Tuesday, February 14, 2012

Notes on Philippine Poetry

Poetry is one of the oldest literary forms. In fact it predates literacy. In the Philippines, poetic forms have long existed even before the arrival of the Spaniards.

Philippine Folk Literature

Philippine folk literature refers to the traditional oral literature of the Filipino people. Thus, the scope of the field covers the ancient folk literature of the Philippines' various ethnic groups, as well as various pieces of folklore that have evolved since the Philippines became a single ethno-political unit.

Categories of Philippine folk literature

  • Folk narratives can either be in prose - the alamat (myth), the legend, and the kuwentong bayan (folktale) - or in verse, as in the case of the folk epic.
  • Folk speech includes the bugtong (riddle) and the salawikain (proverbs).
  • Folk songs can be sub-classified into those that tell a story (folk ballads), which are rare in Philippine folk literature, and those that do not, which form the bulk of the Philippines' rich heritage of folk songs.

Many of these literary forms were poetic. Hence, they contain idiosyncratic forms and conventions (rhyme, rhythm, and rhetorical figures) to suggest differential interpretation to words or to evoke emotive responses. 

The most important and prevalent of these pre-colonial poetic forms are the riddles, proverbs, folk songs, and the folk epic.


The most common of these folk speeches is the riddle, which is tigmo in Cebuano, bugtong in Tagalog, pakatakon in Ilongo, and patototdon in Bicol. These riddles used the talinghaga or metaphor to reveal subtle resemblances between two unlike objects and a person's power of observation and wit.


Another popular form of pre-colonial literature that is poetic in form is the proverb—basahanon (Bukidnon), and daraida and daragilon (Panay). Its extended form, the tanaga, a mono-rhyming, heptasyllabic quatrain, expresses insights and lessons on life.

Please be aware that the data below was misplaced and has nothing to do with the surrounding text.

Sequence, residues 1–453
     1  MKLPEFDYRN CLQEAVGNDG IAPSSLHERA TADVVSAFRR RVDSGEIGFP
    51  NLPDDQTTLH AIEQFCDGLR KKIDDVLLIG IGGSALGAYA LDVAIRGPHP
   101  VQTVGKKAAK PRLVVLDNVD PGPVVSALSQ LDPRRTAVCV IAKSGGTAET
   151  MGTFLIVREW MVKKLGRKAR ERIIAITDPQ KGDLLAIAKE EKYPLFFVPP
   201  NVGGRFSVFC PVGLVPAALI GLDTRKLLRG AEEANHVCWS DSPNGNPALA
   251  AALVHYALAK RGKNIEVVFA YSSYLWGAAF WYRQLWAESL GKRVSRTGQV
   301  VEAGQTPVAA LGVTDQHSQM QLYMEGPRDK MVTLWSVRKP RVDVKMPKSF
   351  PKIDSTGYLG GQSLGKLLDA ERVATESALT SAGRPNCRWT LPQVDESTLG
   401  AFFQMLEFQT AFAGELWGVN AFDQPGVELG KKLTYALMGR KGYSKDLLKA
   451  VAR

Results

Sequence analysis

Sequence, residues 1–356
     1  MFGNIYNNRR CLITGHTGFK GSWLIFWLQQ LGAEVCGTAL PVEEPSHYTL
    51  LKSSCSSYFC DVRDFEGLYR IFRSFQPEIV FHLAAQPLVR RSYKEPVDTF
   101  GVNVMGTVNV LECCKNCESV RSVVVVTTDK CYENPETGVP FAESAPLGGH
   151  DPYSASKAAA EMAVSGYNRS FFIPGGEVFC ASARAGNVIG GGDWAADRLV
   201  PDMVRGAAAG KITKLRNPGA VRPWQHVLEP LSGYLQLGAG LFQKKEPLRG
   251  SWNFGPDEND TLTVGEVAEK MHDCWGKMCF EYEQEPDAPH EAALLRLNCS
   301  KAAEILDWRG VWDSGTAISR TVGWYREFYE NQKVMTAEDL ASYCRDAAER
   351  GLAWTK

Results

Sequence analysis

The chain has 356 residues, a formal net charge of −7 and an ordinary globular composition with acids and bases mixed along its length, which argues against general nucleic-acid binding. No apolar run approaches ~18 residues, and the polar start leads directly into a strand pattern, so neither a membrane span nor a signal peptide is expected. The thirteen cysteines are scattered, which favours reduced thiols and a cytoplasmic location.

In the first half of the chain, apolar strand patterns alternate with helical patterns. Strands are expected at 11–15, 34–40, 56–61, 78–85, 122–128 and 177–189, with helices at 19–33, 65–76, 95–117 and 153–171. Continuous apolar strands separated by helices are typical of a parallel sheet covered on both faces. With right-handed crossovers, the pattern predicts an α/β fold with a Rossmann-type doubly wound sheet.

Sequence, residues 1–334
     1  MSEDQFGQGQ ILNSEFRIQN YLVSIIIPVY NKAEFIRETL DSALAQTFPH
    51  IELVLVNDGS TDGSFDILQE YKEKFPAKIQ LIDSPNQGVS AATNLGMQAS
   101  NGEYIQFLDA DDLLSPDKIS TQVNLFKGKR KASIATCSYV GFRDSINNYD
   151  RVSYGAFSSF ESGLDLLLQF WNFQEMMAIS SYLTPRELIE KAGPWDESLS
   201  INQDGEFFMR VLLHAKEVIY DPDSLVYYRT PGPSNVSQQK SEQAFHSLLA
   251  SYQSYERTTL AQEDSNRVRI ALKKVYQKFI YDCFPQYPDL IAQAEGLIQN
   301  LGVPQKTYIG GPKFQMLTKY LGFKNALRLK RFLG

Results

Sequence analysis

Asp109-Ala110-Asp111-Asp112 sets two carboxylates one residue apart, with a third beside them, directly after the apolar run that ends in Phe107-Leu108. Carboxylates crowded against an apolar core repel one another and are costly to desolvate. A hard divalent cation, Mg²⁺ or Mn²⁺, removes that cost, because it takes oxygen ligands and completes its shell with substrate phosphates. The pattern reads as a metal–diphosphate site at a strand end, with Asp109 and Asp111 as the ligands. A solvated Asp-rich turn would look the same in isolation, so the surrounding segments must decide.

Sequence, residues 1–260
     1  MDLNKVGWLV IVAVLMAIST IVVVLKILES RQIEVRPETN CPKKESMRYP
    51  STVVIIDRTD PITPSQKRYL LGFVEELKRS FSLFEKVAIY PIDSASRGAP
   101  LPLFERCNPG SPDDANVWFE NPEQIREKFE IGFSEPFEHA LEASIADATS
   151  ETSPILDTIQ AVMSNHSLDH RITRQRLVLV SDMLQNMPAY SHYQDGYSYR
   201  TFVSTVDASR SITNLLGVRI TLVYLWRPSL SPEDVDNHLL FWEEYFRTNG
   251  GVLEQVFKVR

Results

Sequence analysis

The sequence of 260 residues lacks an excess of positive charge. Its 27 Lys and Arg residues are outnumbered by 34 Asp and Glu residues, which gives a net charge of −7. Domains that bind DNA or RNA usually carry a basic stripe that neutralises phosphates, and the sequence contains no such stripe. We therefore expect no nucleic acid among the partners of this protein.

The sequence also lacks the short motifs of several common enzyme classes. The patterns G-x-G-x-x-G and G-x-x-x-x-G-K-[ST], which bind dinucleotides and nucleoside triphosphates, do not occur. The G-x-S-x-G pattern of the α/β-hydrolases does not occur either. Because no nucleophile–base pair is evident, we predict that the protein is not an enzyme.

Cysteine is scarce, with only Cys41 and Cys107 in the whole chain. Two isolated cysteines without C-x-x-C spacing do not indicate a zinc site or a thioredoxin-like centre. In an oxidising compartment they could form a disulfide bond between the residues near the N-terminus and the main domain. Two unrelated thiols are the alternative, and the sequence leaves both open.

Types of Philippine Proverbs

  1. Proverbs expressing a general attitude toward life and the laws that govern life
  2. Ethical proverbs recommending certain virtues and condemning certain vices
  3. Proverbs expressing a certain system of values
  4. Proverbs expressing general truths
  5. Humorous proverbs
  6. Miscellaneous proverbs
Folk Songs

Folk songs express the hopes and aspirations, the lifestyle, and the traditions of courtship of a tribe. The following are different types of folk songs:

  1. Children's songs
  2. Lullabies
  3. Work songs
  4. Love songs
  5. Drinking Songs
  6. Songs extolling the deeds of the dead
Folk Epic

The epic is considered as the most important form of pre-colonial literature among the pre-colonial inhabitants of the Philippines. They are sung or chanted accompanied with indigenous musical instruments and dancing during important tribal events. The epic chanters are considered treasures and are repositories of wisdom in their communities.

Poetry during the Spanish Colonial Period

The Spanish colonizers wanted to undermine the native oral tradition by substituting for it the story of the Passion of Christ. However, the native tradition survived and even flourished in areas inaccessible to the Spaniards. Also, the Spaniards were late in instituting a public educational system, which contributed to the survival of the existing folk literature.

The task of translating religious instructional materials forced the Spanish missionaries to employ natives as translators. Eventually, these natives learned to read and write both in Spanish and in their native tongue. These bilingual natives were called the Ladinos. They published their works, mainly devotional poetry, in the first decade of the 17th century. The most gifted among the Ladinos was Gaspar Aquino de Belen who wrote Mahal na Pasion ni Jesu Christo, a Tagalog poem based on Christ's passion, was published in 1704.